If you’re like many of us, the first thing you do when you wake up is turn on the coffee maker. You probably do this before you shower, put in your contacts, or brush your grimy-ass teeth. There’s a reason they make novelty mugs that implore others not to interact with us before we’ve had a chance to ingest our first cup of joe. Many of us can’t get into work mode without at least one (or seven) cup(s) of coffee. Well, coffee guzzling friends, there’s a new caffeine-related study you should be aware of. Don’t worry, there’s nobody telling us to stop drinking coffee (although those monsters definitely exist). There is, however, a new study that says we should be adding a little cocoa into our morning cup of joe. That’s right, throw some chocolate into that java. You’ll be happy you did.
If you’re a person who enjoys a café mocha, you’ll definitely enjoy the findings from a new Clarkson University study. According to the study, mixing caffeine and chocolate is a really good idea. The researchers discovered that when the two are paired together, drinkers are more attentive, motivated, and even have more energy. On top of that, the combination can lower anxiety and help with fatigue. This is especially helpful for people who have anxiety about completing work.
That’s like killing two beans with one shot (of espresso). Whatever the hell that means.
Clarkson researcher Ali Boolani studied the effects of the pairing. She was assisted by scientists from the University of Georgia. The year long double-blind study tested subjects who drank different forms of cocoa and coffee, sometimes together and other times on their own. After drink, say, a cup of brewed cocoa or cocoa with caffeine, the subjects were tested on their cognitive abilities, mood and energy. “Cocoa increases cerebral blood flow, which increases cognition and attention,” Boolani told Science Daily. See: don’t ever let any of your nosey co-workers tell you that you’re weird for melting a whole candy bar in your morning cup of coffee. Science says it’s okay.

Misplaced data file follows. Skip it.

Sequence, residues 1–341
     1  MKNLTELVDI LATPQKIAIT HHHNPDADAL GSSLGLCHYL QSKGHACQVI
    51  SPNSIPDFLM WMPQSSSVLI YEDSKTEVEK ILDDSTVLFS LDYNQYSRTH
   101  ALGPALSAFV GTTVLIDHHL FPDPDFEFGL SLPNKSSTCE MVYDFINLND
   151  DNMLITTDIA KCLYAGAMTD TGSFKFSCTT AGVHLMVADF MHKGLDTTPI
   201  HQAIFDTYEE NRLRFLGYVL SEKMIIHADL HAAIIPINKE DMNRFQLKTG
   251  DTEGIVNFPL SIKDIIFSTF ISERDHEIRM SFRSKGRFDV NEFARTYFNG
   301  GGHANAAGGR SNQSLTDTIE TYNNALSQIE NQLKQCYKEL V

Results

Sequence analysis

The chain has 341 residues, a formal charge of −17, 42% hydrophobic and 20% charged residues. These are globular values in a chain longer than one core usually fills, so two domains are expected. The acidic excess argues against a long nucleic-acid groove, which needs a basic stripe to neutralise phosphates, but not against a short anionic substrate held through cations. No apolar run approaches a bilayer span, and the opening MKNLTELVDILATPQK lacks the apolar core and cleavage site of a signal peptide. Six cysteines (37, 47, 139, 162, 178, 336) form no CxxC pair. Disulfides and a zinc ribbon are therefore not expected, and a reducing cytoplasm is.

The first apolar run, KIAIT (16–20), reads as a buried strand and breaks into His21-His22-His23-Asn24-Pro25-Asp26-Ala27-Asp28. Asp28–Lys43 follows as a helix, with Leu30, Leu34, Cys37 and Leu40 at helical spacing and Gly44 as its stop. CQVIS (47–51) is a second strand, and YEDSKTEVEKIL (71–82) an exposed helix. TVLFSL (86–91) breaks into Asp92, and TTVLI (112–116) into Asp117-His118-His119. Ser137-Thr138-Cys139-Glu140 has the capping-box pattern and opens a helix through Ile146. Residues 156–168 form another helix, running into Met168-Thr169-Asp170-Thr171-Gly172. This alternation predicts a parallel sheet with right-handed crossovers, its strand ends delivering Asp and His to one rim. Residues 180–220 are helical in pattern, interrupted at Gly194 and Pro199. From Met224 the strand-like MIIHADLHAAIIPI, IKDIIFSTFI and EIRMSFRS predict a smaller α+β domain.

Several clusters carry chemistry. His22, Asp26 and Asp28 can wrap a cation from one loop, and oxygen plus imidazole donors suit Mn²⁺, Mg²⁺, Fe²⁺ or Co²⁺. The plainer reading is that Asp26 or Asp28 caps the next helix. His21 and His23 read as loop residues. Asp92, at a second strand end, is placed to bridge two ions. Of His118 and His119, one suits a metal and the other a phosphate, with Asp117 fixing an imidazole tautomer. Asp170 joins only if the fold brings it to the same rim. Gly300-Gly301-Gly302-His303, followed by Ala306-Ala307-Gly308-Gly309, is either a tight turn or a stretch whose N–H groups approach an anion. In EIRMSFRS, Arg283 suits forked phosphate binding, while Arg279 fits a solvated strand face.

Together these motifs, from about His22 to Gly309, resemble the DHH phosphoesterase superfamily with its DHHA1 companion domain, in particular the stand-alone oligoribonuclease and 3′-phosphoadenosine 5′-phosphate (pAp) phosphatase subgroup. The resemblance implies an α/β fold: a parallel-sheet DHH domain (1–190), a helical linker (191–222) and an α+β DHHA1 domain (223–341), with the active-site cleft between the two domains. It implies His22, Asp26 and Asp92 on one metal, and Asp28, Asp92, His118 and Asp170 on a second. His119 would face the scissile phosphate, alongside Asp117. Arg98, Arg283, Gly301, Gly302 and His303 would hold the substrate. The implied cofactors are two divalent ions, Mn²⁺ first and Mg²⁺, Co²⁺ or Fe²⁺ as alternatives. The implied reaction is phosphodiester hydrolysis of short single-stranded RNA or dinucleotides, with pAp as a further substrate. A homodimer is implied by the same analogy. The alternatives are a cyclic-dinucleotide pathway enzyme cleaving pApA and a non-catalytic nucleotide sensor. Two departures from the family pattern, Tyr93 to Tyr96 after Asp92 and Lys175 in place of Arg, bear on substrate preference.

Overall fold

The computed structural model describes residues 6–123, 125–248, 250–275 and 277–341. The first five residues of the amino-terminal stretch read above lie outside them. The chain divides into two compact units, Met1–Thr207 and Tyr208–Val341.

Not surprisingly, caffeine on its own actually increased anxiety in the participants. “This particular project found that cocoa lessens caffeine’s anxiety-producing effects — a good reason to drink mocha lattes.” The tests also proved that mixing cocoa and caffeine helped subjects improve their attention to detail. This was proven when they were asked to watch a screen with a constant rotation of letters. They were told to buzz when certain letters appeared on screen. “The results of the tests are definitely promising and show that cocoa and caffeine are good choices for students and anyone else who needs to improve sustained attention,” Boolani said.
There’s no disputing science. That is, until another study comes out that completely disputes all of these findings (or reminds us that the amount of sugar needed to make cocoa palatable negates its positive effects). In the meantime, we’re going to order our coffees with extra chocolate. Not only will they be sweet and full of that caffeine that our bodies crave (and pretty much need at this point), but everyone else can feel good because we’ll be much less anxious and irritable. That’s definitely not a bad thing. Science told us to. Plus, even if we don’t feel any of these positive affects, at least drinking coffee will help us live forever.